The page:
Figure 1

Simplified diagram of DNA double helix. Reproduced from ref. 21 with permission from the Royal Society of Chemistry.

Figure 1

Simplified diagram of DNA double helix. Reproduced from ref. 21 with permission from the Royal Society of Chemistry.

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Figure 2

Showing a labelled section of the DNA molecule. Reproduced from ref. 22 with permission from the Royal Society of Chemistry.

Figure 2

Showing a labelled section of the DNA molecule. Reproduced from ref. 22 with permission from the Royal Society of Chemistry.

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While the nucleotides themselves are covalently bonded, Crick and Watson proposed, and it is now well known, that hydrogen bonding between the heterocyclic amine bases plays a large part in the formation and stability of the double helix structure of DNA. Strong attraction is generated between two (A and T6) or three (C and G7) pairs of atoms (Figure 1.3). Thus two complementary single strands of DNA form the double stranded molecule on which genetic information is inherent. Conventionally, the symbolic shorthand notation reflects this, for example a base pair sequence might be written as:

5′ CCCGAATTCCGC…3′
3′ GGGCTTAAGGCG…5′
Figure 3

Hydrogen bonding in the DNA double helix. Reproduced from ref. 22 with permission from the Royal Society of Chemistry.

Figure 3

Hydrogen bonding in the DNA double helix. Reproduced from ref. 22 with permission from the Royal Society of Chemistry.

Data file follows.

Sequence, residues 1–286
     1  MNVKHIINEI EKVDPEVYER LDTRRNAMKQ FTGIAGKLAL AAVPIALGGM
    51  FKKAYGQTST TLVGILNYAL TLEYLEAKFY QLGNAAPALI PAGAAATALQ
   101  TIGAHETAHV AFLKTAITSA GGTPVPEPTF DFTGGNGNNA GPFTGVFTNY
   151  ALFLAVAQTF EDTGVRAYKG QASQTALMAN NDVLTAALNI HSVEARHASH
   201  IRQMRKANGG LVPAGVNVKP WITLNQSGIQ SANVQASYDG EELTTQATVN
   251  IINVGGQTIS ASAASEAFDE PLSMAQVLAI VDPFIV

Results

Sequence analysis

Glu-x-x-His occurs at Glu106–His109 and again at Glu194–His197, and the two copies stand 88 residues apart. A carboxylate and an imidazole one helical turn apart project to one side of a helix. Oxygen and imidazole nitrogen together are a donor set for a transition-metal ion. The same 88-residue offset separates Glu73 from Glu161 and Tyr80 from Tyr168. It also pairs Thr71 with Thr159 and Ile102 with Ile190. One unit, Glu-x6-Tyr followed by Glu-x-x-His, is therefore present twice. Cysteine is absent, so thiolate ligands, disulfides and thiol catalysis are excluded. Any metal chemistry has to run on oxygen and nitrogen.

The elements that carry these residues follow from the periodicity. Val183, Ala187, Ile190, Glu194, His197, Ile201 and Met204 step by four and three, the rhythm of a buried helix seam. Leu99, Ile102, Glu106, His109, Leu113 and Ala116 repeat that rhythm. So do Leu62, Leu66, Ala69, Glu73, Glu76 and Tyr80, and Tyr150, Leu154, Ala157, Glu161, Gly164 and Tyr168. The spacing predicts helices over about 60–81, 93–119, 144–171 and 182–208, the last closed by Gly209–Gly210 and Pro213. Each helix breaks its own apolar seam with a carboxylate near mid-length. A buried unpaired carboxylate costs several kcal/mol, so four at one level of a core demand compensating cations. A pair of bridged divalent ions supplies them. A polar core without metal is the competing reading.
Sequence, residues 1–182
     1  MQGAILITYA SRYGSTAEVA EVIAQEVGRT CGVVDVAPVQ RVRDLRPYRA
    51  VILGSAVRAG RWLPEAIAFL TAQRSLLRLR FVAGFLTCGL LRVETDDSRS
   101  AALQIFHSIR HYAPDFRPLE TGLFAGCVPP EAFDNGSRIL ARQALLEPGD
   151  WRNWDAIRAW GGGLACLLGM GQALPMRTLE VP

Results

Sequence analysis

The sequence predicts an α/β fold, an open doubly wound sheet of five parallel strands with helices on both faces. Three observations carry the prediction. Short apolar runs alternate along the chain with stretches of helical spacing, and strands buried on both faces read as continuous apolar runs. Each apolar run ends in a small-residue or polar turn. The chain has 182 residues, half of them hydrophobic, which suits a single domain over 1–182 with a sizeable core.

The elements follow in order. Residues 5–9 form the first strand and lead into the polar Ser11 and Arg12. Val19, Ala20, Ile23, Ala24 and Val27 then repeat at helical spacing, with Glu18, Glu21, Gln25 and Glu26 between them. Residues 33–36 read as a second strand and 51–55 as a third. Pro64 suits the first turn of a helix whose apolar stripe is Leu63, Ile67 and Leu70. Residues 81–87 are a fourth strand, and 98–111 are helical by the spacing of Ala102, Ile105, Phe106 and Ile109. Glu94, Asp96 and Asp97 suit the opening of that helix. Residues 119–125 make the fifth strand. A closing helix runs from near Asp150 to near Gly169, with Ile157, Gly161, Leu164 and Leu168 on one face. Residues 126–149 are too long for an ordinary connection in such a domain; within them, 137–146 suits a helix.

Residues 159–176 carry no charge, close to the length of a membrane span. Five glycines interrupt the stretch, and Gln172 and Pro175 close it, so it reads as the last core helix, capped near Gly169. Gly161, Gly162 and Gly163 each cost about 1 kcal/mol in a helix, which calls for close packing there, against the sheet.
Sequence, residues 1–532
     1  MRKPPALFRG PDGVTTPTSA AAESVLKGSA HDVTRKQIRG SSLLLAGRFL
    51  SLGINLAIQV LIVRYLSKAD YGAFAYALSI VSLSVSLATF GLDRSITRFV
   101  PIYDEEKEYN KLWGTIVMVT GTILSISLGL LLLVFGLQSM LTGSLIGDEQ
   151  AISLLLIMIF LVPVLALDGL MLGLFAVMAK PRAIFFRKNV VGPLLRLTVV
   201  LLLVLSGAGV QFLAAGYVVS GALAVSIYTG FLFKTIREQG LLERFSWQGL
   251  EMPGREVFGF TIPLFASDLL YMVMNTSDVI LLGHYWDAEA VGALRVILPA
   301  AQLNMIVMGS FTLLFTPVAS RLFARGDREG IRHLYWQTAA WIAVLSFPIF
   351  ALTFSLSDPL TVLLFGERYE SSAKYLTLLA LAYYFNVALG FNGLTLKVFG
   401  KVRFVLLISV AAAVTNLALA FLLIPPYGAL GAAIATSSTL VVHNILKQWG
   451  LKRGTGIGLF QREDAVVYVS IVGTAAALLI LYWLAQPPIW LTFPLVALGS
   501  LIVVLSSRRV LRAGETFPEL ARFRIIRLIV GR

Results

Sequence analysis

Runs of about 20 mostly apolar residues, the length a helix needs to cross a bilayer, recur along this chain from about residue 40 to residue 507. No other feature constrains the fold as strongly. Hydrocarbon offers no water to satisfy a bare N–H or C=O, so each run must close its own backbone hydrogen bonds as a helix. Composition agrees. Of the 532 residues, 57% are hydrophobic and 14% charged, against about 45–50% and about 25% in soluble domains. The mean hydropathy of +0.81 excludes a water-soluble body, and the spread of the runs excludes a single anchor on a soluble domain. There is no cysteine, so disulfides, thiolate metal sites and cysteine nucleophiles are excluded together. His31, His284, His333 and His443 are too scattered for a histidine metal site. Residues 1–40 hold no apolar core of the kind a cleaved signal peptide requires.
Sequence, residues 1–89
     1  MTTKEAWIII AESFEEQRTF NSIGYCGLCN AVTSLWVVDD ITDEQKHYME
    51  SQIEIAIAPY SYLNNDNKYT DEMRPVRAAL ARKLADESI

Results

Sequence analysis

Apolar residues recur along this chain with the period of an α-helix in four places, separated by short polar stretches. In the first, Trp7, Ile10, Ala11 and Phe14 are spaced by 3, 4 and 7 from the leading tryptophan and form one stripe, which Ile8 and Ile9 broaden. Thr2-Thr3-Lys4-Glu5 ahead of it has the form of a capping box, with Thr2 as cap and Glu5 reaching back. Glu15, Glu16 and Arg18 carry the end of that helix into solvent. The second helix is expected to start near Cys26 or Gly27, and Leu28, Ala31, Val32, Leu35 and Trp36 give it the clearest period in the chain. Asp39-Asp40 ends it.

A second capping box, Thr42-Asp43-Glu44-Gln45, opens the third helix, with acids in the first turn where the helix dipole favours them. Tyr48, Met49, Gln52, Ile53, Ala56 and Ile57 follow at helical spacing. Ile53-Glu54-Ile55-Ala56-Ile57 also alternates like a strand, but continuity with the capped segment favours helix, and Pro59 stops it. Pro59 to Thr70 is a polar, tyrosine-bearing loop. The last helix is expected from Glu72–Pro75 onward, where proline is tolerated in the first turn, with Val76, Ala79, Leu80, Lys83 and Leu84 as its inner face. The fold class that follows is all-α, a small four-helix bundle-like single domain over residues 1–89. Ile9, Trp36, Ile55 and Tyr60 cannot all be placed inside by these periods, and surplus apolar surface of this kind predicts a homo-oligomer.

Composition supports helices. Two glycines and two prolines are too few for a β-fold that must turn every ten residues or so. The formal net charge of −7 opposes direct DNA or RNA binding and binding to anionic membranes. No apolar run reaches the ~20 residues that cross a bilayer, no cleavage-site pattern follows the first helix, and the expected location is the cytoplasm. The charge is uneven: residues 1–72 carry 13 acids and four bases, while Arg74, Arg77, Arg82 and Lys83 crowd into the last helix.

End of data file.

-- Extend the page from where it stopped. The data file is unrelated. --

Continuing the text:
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These molecular geometries and hydrogen bonding energy profiles result in the self-assembly, replication and amplification properties of DNA.

Further Reading

H. Beyer and W. Walker, Organic Chemistry, A Comprehensive Degree Text and Source Book, ed. and Trans., Douglas Lloyd, Albion Publishing, Chichester, 1997, pp. 849–859.

P. Madesis, I. Ganopoulos, I. Sakaridis, A. Argiriou and A. Tsaftaris, Advances of DNA-based methods for tracing the botanical origin of food products, Food Res. Int., 2014, 60, 163–172.

Why is food authenticity important? We have an intimate relationship with food going far beyond its nutritive value into cultural and interpersonal meaning. The authenticity of the food we buy and eat is of visceral significance. Given the time, opportunity and experience we can appraise food visually, and by smell and taste. But we must often take authenticity on trust – when the food's description becomes the key. If that trust is betrayed by misdescription on a personal level we feel cheated. Economically there is loss of ‘value for money’, which many can increasingly ill afford.3,4  Loss of trust at a societal level causes reputational damage to individual companies and difficult trading conditions for whole sectors.5  In some situations individual consumers may come to actual harm, as shown by food allergen fatalities caused by, at times fraudulent, substitution.6  Misleading a purchaser about food authenticity is illegal, potentially harmful, penalises the honest trader, and undermines consumer choice and value for money. In general, when driven by financial gain it is food fraud and when particularly serious, and involves intentional dishonesty detrimentally affecting the safety or authenticity of food, it is food crime7  (Box 1.2).

Box 1.2 Food authenticity, adulteration, fraud and crime

Concerns that food should be true to its description are not new – food has probably been adulterated since trade commenced.10  ‘Adulteration’ has been the traditional concept to describe food that is unsafe or misdescribed. Scientific appraisal of food began in earnest in the latter half of the 19th century11  when major advances were made in food science, often by researchers charged with upholding newly introduced food law, in the UK the Public Analysts.12–16